The 2013 World Series champions reshaped their future in front of the 2014 trade deadline, and in what would have been considered a surprising twist back in the spring, they did so as "sellers."
But the Red Sox weren't traditional sellers, in that this wasn't one of those firesales where the team offloads veterans with value in order to get prospects in return. So this isn't a rebuilding project -- and it shouldn't be with the likes of David Ortiz, Dustin Pedroia, Mike Napoli, Shane Victorino and Clay Buchholz signed for 2015.
In dealing John Lackey and Jon Lester and in acquiring big-league talent in exchange instead of prospects, call it a retooling for next season. A reload on the fly? I don't think I would go that far. Grabbing as many big-league assets as could be had for what was being given up is more accurate.
Lackey is productive and had an interesting option for the 2015 season that would have paid him the league minimum. Surely he'll be looking for more, though, with the threat of retirement as his leverage. In dealing him, the Red Sox rid themselves of the uncertainty. With Lester, he could have been re-signed in Boston all the way back in the spring, if the Red Sox truly wanted to pay him something comparable to what he'll get on the open market.
Instead, Red Sox general manager Ben Cherington stuck with the script he's had in hand ever since dumping the Adrian Gonzalez, Josh Beckett and Carl Crawford salaries, which is to limit the long-term, big-money commitments.
So he grabbed a 28-year-old, power-hitting left fielder who is only signed through 2015 in Yoenis Cespedes. He also scooped up a 30-year-old former All-Star in Allen Craig, who is signed through 2017 (with a club option for 2018), but at only an average annual value of $8.5 million per season from 2015-17. And there's also starting pitcher Joe Kelly, who isn't eligible for free agency until after the 2018 season. He's not even arbitration-eligible until after next season and is making $523,000 this year.
Sure, there was a swap of a major-leaguer for a prospect, as lefty Andrew Miller was dealt to Baltimore in exchange for pitching prospect Eduardo Rodriguez (ranked No. 65 in all of baseball heading into the season by Baseball America), but if the Red Sox were staging some sort of fire sale, Koji Uehara, for example, could have brought back a good prospect.
Instead, Cherington started the work he'll continue in the winter. There's still work to be done, but he clearly laid the groundwork. Here are a few ways how.
•The first base and DH spots are covered with Napoli and Ortiz, so Craig could be a right fielder (in addition to a backup option at either spot, of course). But that's where Victorino plays. Maybe Victorino could shift to center, though he really doesn't belong there anymore and Jackie Bradley Jr. seems destined to stay put. Cespedes is clearly the left fielder. Or is he? There's a surplus here on the corners, especially considering that prospect Mookie Betts looks like he'll be ready real soon, too.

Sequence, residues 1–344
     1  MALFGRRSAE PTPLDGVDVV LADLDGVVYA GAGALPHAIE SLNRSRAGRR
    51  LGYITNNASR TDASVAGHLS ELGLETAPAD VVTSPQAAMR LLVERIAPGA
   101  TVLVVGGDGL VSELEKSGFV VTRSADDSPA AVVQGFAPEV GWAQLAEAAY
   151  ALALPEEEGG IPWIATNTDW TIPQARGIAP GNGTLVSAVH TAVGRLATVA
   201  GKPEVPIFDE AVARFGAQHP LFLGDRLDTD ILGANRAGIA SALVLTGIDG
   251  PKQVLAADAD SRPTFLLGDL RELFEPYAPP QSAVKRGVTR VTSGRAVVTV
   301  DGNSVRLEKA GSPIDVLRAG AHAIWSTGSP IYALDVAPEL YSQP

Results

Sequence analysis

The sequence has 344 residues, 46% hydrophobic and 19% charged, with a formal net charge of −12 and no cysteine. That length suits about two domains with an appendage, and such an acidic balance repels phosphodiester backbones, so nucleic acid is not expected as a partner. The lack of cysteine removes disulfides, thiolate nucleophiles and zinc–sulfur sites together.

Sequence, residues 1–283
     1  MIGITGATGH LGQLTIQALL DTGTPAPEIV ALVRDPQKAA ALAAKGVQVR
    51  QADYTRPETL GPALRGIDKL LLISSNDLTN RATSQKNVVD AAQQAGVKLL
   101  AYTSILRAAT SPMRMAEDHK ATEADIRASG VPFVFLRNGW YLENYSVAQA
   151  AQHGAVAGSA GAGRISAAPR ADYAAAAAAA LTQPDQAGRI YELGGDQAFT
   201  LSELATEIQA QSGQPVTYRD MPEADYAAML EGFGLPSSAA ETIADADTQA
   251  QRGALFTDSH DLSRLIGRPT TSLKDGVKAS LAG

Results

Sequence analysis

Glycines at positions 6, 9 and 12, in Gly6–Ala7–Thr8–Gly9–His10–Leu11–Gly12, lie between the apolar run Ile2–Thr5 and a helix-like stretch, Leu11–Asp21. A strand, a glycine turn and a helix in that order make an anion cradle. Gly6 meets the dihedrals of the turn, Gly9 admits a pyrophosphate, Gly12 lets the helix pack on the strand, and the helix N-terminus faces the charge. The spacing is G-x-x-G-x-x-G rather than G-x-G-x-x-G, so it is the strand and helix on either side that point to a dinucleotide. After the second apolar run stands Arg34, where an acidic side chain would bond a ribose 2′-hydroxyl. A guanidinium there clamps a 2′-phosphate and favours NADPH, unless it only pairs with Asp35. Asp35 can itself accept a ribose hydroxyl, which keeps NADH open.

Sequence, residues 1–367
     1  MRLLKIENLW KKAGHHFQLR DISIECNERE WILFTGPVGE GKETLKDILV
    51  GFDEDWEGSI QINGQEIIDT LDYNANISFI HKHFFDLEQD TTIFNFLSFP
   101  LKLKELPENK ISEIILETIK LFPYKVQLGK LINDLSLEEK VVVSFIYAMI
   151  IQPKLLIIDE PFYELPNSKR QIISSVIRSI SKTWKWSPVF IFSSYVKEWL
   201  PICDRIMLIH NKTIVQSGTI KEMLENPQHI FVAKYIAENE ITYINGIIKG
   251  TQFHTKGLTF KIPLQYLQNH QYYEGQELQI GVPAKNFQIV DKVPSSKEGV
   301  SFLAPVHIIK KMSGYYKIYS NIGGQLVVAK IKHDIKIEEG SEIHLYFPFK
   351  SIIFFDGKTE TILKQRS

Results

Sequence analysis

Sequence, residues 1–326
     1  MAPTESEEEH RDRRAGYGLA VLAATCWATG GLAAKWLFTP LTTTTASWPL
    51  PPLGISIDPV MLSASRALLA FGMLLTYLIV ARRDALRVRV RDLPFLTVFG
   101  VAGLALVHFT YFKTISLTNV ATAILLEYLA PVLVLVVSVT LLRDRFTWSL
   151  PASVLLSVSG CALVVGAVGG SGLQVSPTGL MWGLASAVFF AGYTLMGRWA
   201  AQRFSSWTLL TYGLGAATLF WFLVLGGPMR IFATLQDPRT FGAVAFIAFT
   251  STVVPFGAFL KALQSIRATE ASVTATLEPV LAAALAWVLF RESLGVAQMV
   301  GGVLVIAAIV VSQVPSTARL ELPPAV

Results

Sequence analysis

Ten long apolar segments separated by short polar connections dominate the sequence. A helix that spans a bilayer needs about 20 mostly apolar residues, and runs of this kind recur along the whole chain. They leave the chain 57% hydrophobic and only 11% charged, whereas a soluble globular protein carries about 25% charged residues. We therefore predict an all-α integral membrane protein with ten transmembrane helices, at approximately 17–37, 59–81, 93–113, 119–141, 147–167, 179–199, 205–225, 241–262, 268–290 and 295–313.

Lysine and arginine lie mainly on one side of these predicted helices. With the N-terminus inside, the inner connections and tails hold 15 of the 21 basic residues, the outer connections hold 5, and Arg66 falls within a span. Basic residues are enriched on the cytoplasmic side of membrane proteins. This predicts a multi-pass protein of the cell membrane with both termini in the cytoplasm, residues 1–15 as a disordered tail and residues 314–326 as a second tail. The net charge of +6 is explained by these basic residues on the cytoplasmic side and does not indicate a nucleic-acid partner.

Honestly, this seems like a precursor to an off-season trade because there's a clear surplus here. For what? Well ...
•The Red Sox rotation for next season appears to have Clay Buchholz and Joe Kelly as sure things, with youngsters Rubby De La Rosa and Allen Webster as fine options. Brandon Workman could factor in, too. If the Red Sox are serious about revisiting talks with Lester, shipping him to the A's was a savvy move. There is no chance the A's are going to extend him, but if the Sox had moved him to, say, St. Louis or L.A., there would be a fear of him being granted a big extension before the bidding could even begin. That won't happen here.
If they don't sign Lester, the Red Sox still have plenty of pieces to trade for a frontline pitcher -- total speculation, but what if they hook up with Billy Beane again and acquire Jeff Samardzija? -- while they also have enough money to sign someone (James Shields?) if they wish.
•Xander Bogaerts is clearly the future at shortstop, but there have to be questions about Will Middlebrooks at third base. Brock Holt has been a revelation, but should the Red Sox want to make a move for a third baseman, again, they have that corner outfielder surplus and some money to play with. As for Stephen Drew, who went to the Yankees, it feels like both parties needed to move on anyway, so getting anything back for him was gravy.
•Regarding Uehara, what if the Red Sox wish to bring him back? Maybe trading him changes things and keeping him keeps that door open. There are options.
It's hard to say this was a great day for the Red Sox. We don't know that yet. That much will be determined some in the coming off-season, some in 2015 and some beyond. It was absolutely an interesting and creative day from Cherington and his front office, though.